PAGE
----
Farrah Fawcett has been at the center of a legal battle this year regarding a portrait of her famous likeness done by Andy Warhol; now, the man she spent several years of her life with has his chance to speak about the artwork--which he says was given to him by Fawcett--and about their notoriously rocky relationship.
The trouble began when the University of Texas at Austin--Fawcett's alma mater and the recipient of all her artwork after her 2009 death, as outlined in her will--accused O'Neal of taking the expensive piece of art when it didn't belong to him. Because they were bequeathed Fawcett's collection, they say, they are the rightful owners. However, O'Neal says he took it from Fawcett's home about a week after her death because he'd asked her to hold onto it for him after he'd already been in possession of it for years.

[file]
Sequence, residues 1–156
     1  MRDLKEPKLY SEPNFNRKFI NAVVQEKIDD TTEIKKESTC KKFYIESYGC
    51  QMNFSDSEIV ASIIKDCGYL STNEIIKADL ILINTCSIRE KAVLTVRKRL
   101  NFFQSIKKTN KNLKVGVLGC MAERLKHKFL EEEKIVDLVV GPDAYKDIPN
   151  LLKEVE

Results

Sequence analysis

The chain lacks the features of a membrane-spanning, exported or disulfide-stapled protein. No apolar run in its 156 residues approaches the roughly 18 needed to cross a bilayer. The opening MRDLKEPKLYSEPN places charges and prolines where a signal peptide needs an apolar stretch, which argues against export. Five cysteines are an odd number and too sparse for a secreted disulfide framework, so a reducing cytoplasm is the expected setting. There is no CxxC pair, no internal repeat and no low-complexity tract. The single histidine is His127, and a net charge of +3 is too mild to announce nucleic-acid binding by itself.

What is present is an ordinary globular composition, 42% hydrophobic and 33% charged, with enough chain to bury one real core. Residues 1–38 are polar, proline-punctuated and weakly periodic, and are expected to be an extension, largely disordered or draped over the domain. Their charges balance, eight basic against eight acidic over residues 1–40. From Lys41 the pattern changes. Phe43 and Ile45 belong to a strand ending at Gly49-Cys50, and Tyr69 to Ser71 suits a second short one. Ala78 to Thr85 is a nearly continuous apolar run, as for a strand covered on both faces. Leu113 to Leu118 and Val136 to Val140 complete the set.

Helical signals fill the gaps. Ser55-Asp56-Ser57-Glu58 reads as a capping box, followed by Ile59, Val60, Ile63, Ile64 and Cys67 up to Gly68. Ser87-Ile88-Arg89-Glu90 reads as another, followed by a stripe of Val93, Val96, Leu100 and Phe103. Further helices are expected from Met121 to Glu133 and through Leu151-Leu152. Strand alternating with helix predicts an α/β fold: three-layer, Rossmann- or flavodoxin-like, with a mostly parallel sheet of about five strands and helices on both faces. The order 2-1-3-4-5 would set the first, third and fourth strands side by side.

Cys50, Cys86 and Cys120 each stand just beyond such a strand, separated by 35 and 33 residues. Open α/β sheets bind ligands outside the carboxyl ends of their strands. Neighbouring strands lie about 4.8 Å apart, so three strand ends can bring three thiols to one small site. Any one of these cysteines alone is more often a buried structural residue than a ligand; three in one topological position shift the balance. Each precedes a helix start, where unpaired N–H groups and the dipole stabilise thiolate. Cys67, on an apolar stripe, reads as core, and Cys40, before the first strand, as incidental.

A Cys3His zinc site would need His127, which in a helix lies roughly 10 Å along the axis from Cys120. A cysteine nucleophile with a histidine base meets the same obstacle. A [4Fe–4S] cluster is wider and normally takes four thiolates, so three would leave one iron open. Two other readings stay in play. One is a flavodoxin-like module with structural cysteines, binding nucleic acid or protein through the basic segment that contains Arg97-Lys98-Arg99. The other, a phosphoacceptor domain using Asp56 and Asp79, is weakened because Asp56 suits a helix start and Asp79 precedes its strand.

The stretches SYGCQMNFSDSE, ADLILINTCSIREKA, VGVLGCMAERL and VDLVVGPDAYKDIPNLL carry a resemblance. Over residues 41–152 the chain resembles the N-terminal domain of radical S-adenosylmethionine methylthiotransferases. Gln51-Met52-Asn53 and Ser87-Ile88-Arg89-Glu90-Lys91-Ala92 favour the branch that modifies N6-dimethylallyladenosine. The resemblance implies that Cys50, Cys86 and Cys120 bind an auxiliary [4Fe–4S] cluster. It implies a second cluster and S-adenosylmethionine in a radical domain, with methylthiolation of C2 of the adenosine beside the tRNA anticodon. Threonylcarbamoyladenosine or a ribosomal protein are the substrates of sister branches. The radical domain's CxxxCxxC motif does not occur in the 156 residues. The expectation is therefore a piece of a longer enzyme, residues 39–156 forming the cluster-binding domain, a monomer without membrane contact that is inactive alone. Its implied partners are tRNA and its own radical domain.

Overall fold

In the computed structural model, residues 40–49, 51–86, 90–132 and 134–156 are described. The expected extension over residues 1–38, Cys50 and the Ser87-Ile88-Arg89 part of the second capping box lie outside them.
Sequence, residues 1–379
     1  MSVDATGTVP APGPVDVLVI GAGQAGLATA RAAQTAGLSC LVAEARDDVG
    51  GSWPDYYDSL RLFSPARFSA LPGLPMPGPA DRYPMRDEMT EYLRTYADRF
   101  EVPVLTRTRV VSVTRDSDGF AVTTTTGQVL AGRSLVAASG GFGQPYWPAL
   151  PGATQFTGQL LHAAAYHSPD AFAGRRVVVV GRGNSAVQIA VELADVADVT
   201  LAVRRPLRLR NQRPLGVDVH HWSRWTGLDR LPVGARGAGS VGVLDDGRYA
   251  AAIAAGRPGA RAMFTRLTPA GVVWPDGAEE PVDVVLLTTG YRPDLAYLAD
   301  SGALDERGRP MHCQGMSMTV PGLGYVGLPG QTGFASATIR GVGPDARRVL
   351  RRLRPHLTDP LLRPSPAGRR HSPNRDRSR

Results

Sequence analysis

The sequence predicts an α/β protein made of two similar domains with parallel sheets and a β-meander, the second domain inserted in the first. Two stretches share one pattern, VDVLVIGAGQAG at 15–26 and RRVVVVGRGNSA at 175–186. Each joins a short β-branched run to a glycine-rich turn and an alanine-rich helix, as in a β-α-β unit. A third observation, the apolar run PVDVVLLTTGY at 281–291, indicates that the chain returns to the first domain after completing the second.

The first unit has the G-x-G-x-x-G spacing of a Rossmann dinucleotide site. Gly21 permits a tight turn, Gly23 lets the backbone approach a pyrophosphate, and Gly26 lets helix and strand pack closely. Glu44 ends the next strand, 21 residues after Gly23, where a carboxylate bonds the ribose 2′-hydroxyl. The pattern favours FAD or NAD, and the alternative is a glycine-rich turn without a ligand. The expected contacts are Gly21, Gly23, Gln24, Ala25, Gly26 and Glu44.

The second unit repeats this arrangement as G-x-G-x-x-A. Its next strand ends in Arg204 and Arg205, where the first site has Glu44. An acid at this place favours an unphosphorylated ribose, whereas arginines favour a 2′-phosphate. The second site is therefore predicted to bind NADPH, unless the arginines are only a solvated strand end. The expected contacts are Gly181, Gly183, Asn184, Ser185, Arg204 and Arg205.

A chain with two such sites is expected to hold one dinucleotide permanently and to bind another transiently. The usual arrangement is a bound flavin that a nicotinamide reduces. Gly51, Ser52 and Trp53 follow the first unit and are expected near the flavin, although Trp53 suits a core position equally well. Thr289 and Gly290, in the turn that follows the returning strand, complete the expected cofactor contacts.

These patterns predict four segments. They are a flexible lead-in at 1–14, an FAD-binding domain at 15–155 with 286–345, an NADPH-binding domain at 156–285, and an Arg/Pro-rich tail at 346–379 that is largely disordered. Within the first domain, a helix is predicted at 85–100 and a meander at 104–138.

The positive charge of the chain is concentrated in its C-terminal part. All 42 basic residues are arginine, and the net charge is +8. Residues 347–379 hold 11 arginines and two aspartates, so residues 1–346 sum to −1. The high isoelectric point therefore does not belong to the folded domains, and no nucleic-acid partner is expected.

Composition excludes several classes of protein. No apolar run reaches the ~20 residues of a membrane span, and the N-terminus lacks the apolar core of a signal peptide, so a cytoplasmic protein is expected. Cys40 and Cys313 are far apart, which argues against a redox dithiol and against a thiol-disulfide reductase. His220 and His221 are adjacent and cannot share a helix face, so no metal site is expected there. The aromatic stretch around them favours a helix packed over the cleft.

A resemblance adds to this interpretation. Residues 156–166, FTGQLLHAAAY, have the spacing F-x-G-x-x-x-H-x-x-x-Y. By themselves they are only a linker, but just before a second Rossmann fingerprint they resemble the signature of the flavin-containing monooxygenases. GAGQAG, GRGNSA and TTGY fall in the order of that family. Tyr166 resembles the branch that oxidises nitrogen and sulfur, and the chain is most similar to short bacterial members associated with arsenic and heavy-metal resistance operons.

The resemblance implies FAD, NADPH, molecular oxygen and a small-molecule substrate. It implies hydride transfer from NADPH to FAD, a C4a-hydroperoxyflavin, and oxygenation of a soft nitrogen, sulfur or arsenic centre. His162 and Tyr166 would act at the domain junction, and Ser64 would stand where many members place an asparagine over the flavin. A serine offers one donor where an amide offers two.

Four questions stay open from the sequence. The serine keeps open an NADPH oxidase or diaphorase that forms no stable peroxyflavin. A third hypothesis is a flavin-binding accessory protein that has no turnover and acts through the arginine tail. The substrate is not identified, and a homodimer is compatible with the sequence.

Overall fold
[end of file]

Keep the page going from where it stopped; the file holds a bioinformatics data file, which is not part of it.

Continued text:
“The reason I gave it to her is because there was a new woman in my life and the painting was making her uncomfortable; that Farrah seemed to be staring down at her,” O’Neal said in a deposition in August 2012. “And so I said, ‘Well, I can fix that.’ I took it to Farrah and said ‘Keep this for me. I’ll be back.’”
The woman in question was a young lady who was caught in bed with O'Neal by none other than Fawcett herself; the couple later reconciled after she forgave him, O'Neal says.
The "Love Story" actor testified on Monday that Warhol was a friend of his and that both he and Fawcett took prints from the artist when they were done. Her copy hangs in the university's Blanton Museum of Art; O'Neal says he wants to keep the one he has to pass on to his son with Fawcett, Redmond.
Image: Wikimedia Commons